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Media Inquiry won't go far enough

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Tim Dwyer |  20 September 2011

After months of speculation, on 14 September, the Gillard Government finally agreed to conduct an independent inquiry into the Australian media.

'The Media Inquiry I am announcing today will focus on print media regulation, including online publications, and the operation of the Press Council,' said Minister for Broadband, Communications and the Digital Economy, Senator Conroy.

He added: 'The Government believes a separate and distinct examination of the pressures facing newspapers and their newsrooms, including online publications, will enhance our consideration of the policy and regulatory settings Australia needs to ensure that the news media continues to serve the public interest in the digital age.'

We all know the Inquiry can be attributed to the fallout from the UK phone hacking scandal. But the specific terms of reference should be read in light of the backroom horse-trading that took place over the past weeks between the Greens and the Government, as each sought to assert their party's media regulation agendas.

The Government has appointed former Justice of the Federal Court Ray Finkelstein QC to conduct the Inquiry, assisted by University of Canberra journalism Professor Matthew Ricketson. Conroy emphasised that their findings, due on 28 February 2012, would then be made available to the Government's Convergence Review Inquiry, which is scheduled to report by the end of March 2012.

This in itself is an interesting feature, and tends to set up a parent-sibling reporting arrangement between the two inquiries. Some commentators have suggested a parliamentary inquiry would have stood a better chance of achieving long-term reform.

The terms of reference of the Media Inquiry direct it to inquire and report on the effectiveness of media codes of practice, the impact of technological change in the shift to digital news publication, and, critically, ways of 'substantially strengthening the independence and effectiveness of the Australian Press Council, including in relation to online publication'.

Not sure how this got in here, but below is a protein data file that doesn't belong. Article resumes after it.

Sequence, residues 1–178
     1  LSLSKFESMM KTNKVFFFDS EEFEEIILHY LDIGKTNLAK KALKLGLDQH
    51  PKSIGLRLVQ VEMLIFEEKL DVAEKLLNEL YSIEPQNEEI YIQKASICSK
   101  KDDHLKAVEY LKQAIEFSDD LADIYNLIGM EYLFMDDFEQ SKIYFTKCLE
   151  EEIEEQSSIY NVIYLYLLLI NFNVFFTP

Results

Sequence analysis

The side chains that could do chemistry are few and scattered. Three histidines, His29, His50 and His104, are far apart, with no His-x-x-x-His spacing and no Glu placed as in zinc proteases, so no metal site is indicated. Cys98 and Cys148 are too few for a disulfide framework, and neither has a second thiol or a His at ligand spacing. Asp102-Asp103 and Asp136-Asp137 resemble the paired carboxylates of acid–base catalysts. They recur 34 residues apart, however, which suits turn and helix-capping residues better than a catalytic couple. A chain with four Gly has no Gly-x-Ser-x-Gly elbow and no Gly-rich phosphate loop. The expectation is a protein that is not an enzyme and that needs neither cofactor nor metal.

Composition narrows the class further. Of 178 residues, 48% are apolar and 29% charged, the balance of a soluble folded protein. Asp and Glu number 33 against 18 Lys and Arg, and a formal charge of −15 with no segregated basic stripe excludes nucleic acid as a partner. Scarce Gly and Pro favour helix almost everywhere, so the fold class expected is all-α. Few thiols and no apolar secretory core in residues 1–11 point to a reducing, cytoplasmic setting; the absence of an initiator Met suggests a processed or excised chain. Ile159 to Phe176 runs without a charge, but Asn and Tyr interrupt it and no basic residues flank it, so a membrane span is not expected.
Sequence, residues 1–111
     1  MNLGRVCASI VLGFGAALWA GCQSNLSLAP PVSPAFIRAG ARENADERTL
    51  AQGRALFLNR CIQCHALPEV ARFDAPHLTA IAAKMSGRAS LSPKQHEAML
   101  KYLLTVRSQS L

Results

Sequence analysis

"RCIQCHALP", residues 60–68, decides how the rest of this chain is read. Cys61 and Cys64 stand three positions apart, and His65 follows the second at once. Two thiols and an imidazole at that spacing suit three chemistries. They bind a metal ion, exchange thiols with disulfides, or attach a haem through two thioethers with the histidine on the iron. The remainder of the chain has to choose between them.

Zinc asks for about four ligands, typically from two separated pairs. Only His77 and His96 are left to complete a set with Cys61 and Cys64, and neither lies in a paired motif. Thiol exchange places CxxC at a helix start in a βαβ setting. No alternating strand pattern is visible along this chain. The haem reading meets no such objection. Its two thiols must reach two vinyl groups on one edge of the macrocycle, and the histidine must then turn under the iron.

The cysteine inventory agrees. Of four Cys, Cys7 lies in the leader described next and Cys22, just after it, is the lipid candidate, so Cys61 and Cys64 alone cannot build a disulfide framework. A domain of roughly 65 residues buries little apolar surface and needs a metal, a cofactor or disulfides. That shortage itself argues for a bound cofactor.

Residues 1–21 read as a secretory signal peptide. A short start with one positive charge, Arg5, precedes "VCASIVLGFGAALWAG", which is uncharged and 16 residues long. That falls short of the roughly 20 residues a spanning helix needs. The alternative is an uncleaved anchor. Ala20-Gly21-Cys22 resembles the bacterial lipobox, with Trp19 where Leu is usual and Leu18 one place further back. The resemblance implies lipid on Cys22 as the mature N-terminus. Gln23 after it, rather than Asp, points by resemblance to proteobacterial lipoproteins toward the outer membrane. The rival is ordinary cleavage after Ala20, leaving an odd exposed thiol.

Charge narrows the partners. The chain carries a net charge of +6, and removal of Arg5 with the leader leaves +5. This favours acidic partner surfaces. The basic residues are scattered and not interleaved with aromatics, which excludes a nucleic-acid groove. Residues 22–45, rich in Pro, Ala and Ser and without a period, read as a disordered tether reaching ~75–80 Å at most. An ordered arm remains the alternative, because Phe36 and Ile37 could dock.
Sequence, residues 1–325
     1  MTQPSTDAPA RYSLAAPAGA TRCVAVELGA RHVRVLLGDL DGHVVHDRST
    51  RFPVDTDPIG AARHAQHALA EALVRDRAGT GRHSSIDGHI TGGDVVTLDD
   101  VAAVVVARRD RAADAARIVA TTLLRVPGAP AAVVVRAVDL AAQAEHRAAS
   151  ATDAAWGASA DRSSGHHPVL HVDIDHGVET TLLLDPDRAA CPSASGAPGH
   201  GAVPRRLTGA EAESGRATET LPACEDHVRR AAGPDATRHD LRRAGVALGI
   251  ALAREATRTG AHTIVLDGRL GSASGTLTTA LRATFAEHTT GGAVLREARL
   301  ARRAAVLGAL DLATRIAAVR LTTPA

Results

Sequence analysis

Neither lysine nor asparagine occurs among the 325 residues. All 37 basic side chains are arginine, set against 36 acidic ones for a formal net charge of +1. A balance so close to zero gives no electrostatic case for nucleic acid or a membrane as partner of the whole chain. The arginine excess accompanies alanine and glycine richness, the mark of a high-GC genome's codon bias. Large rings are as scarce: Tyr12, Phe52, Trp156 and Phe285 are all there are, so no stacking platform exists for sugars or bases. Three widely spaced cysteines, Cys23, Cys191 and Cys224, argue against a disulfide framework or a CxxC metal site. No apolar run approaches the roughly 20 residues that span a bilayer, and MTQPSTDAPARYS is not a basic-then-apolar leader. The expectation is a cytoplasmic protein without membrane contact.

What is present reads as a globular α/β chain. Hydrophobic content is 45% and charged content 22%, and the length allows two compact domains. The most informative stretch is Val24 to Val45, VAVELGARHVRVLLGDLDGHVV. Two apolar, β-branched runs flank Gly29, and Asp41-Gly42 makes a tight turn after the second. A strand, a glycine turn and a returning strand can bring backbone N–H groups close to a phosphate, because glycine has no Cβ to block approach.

(Currently the Council's Principles, Standards and Guidelines apply to newspapers, magazines and their associated online sites. Other online sites may become members at their own instigation.)

The Government, in arriving at its negotiated position with the Greens, has shied away from any explicit examination of media concentration, arguably the main reason behind the widespread calls to examine the structure of the media in Australia in the first place.

Yet many believe the inclusion of a brief reference to 'enhancing diversity' will allow sufficient scope for the Inquiry to investigate the wider regulatory implications of Australia's unusually high concentration of media ownership.

The Australian Press Council welcomed the Inquiry, with its Chairman, Professor Julian Disney, stating, 'The Press Council commenced last year a sustained program of reform to strengthen its effectiveness. It will advise the inquiry about the progress made so far and the further improvements which are under way ...